Photographs by James Perry Walker
Photographer James Perry Walker spent six years snapping photographs on the Mississippi Delta preaching circuit. That’s six years of weathered old men and their cigarettes, children in their Sunday best, and shining white chapels; four congregations of poverty, pain, and faith; and one rousing black Baptist preacher, the Reverend Louis Cole. In The Reverend, Walker pays tribute to these four communities and the man that led them by fusing his black and white photographs with earthy advice, humorous anecdotes, and a sermon from the now deceased Reverend Cole.
Ordained in 1919, Cole tended Sabbath flocks for more than sixty years, but it was his hands that conducted the real art of ministry. As he toils over crops, hassles with doctor bills, and builds his own $100 house, Cole demonstrates that faith is erected from the planks and nails of daily life. The Reverend suggests that there is no divide between body and soul, the physical and divine, or our Sundays and Saturdays. Cole plants his corn and conducts his revivals by the same almanac—a full moon can make a difference in both harvests, he explains. Walker’s gritty, stark photographs of the Reverend and his community reveal the bridge between spirituality and everyday life. We see Cole and his congregants going about the business of living at home, at work, and at church. And this active integration of life is also our calling.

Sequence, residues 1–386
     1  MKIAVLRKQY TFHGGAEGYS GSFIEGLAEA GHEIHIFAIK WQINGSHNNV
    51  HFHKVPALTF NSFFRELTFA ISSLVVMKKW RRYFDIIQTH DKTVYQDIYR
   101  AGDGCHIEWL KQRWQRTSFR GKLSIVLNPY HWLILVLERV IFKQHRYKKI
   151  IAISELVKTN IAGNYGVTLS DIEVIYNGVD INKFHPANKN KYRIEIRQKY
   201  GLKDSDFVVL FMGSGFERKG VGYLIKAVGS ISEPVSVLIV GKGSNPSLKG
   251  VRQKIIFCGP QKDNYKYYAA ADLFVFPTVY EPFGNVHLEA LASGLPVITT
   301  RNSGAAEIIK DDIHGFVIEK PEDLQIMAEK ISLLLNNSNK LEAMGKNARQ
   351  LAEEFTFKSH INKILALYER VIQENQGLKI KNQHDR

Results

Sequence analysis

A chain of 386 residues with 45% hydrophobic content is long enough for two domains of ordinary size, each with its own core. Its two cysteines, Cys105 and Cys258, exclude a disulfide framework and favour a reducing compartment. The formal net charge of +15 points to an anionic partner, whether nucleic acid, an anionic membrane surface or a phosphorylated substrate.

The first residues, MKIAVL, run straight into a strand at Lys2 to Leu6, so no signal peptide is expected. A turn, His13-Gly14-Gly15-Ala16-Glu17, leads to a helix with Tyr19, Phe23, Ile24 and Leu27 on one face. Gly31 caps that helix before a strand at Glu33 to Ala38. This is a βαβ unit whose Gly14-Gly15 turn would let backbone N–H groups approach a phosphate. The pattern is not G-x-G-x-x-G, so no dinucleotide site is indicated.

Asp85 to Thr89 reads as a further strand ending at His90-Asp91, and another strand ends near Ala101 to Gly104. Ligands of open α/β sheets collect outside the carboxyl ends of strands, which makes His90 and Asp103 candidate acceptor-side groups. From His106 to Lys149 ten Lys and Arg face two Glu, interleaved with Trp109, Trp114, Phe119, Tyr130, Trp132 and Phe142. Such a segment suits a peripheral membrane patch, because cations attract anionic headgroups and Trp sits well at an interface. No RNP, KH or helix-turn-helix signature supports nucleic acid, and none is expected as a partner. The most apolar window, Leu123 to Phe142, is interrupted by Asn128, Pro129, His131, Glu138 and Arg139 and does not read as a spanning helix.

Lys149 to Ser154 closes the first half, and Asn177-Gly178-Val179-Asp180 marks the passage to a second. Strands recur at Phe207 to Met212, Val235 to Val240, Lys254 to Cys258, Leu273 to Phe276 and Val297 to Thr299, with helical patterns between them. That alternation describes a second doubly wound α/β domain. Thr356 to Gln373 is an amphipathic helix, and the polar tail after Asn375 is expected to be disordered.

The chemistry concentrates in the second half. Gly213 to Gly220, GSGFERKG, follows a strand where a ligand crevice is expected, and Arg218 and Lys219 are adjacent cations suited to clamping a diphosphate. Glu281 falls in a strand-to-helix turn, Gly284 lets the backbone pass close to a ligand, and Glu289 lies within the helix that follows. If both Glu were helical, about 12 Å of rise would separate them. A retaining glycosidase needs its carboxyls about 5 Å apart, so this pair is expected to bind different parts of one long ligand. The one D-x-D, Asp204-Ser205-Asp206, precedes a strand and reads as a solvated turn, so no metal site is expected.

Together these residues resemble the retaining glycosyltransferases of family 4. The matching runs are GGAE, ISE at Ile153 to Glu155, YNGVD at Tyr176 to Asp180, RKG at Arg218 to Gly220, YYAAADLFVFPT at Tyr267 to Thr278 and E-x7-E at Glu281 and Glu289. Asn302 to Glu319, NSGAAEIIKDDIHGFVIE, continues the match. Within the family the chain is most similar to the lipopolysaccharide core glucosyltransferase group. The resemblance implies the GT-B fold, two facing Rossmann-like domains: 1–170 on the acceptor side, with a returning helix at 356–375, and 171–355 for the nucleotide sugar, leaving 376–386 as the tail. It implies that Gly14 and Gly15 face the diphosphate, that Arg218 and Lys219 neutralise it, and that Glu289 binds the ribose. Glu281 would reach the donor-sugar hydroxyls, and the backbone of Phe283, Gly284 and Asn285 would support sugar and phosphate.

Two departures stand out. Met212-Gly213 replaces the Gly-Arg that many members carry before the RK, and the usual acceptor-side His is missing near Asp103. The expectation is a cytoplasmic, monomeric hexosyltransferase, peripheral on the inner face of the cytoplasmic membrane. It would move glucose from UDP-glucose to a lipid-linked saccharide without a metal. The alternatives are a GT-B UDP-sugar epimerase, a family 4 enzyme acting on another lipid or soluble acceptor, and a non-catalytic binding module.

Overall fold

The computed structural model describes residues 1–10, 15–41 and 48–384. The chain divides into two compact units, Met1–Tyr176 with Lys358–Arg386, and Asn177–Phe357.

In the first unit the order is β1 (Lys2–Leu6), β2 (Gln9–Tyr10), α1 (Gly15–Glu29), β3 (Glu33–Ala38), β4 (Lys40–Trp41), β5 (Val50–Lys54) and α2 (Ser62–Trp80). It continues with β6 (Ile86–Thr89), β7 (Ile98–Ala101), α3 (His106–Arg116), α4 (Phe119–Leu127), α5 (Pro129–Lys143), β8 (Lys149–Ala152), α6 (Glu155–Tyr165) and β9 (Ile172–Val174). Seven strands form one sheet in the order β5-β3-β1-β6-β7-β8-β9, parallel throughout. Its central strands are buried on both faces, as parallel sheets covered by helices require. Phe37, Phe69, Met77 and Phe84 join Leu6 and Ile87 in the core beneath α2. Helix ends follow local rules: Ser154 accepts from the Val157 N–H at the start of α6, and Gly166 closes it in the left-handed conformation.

“It don't take all that much to be saved,” says Cole, and “It don't take nothing for you to be lost. You want to be lost, don't do nothing.” Together, Walker’s photographs and Cole's frank narration create a portrait of a man and a memoir of a community that illustrate the connection between the pulpit, the pew, and the hard work of living.
To view photographs from "The Reverend," visit James Perry Walker’s website.
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